The 1948 poster ‘Glory to the Party of Lenin and Stalin – the Organiser of Victorious Armed Forces of the USSR’ by Viktor Ivanov celebrates 30 years of the Red Army and its history of victories from the Civil War through to the recent victory in the Great Patriotic War in 1945.
In the poster, Stalin is not credited with sole responsibility for victory in the war. The poster allocates responsibility for the victory to the Bolshevik Party, rather than to the military and strategic brilliance of the great leader alone.
The imagery of the poster focuses on might and victory, the central image being that of the sparkling red star victory medallion and curling ribbon, resting in front of ears of grain, and imagery denoting the army, navy and airforce.
In the background, the sky is criss-crossed with search lights (a recurring motif in these later posters) contributing to the sense of movement and action in the distance, while in the foreground the only suggestion of movement comes from the gentle motion of the three flags flapping in the breeze.
The top of the picture plane is dominated by the largest flag, with the cameos of Lenin and Stalin, while beneath it fly three more flags, two of them largely obscured by the third one which reads ‘For the Soviet motherland.’
By 1948 Stalin appears in the Marshal’s uniform in almost all posters. Stalin had been made Marshal of the Soviet Union in 1943, and Generalissimus in 1945, although he refused to wear the ostentatious, newly designed uniform of the generalissimus.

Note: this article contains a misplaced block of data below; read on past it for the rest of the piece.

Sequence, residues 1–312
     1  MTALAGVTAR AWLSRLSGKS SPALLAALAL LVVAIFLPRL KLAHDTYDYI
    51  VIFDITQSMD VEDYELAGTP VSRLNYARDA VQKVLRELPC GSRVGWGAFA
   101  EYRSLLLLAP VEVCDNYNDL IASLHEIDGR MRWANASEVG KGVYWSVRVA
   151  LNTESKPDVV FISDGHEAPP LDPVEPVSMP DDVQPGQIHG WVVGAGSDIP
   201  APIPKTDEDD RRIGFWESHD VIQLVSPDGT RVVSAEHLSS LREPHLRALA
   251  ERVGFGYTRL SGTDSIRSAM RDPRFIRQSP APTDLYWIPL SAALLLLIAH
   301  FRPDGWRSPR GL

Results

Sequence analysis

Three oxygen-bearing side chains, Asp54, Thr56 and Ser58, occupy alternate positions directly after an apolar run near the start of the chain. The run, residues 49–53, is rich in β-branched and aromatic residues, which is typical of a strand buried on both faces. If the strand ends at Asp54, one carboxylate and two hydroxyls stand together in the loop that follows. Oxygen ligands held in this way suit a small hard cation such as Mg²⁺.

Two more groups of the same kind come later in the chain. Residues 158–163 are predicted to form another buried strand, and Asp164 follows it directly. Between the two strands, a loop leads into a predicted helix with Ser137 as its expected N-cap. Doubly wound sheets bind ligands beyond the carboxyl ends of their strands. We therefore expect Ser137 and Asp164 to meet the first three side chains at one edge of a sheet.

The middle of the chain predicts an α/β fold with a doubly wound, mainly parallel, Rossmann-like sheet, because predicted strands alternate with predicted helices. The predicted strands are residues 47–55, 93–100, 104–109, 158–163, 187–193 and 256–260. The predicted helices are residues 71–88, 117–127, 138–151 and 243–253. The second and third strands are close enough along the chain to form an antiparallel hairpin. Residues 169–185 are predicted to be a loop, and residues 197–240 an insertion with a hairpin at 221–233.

In this poster, Stalin’s identification with the warrior archetype is complete and can now be taken for granted.
Dmitrii Moor (Orlov) and Sergei Sen’kin, Long Live Our Dear Invincible Red Army!, 1938
Throughout the 25 years of his leadership of the Soviet Union, Stalin frequently appeared in posters alongside the image of Lenin. In ‘Long Live Our Dear Invincible Red Army!’ by Dmitrii Moor and Sergei Sen’kin, Stalin and Lenin are both featured in large individual black-and-white photographic portraits, each under a red aircraft, and above scenes showing battle-ready armed forces of all branches.
Stalin and Lenin appear as equals. Stalin is no longer portrayed as the disciple and student of Lenin, but as a leader and thinker in his own right.
Under each of the leaders is a quote from them that stresses the popular nature of the Soviet armed forces as an army for the people – that is, the workers and peasants.
Lenin: “For the first time in the world an army has been created, an armed force that knows what it is fighting for.”
Lenin and Stalin face inwards, their faces in three-quarter view, neither of them engaging the eye of the viewer. They appear almost as sentries over the flags of the armed services, and the text of Article 132 of the 1936 (Stalin) Constitution of the USSR:
“Article 132. Universal military service is law. Military service in the Armed Forces of the USSR is honorable duty of citizens of the USSR.”
Everything else in the poster faces out – soldiers, airplanes, guns, turrets, tanks, horses and ships. Stalin and Lenin protect the homeland from within, while the armed forces are ever-vigilant and demonstrate their preparedness to go out to war if necessary.
Dr Anita Pisch
Anita’s new, fully illustrated book, The personality cult of Stalin in Soviet posters, 1929 -1953, published by ANU Press, is available for free download here, and can also be purchased in hard copy from ANU Press.
SPotW61 Babitskii 1944
SPotW62 Pen Varlen 1942
SPotW63 Bayuskin 1942
SPotW64 Belopol'skii 1950
SPotW65 Belopol'skii 1952
SPotW66 Dlugach 1933
SPotW67 Zhitomirskii 1942
SPotW68 Toidze 1949
SPotW69 Mikhailov 1937
SPotW70 Cheprakov 1939
SPotW76 Toidze 1943
SPotW77 Futerfas 1936
SPotW78 Mukhin 1945
SPotW79 Golub' 1948
SPotW80 Karpovskii 1948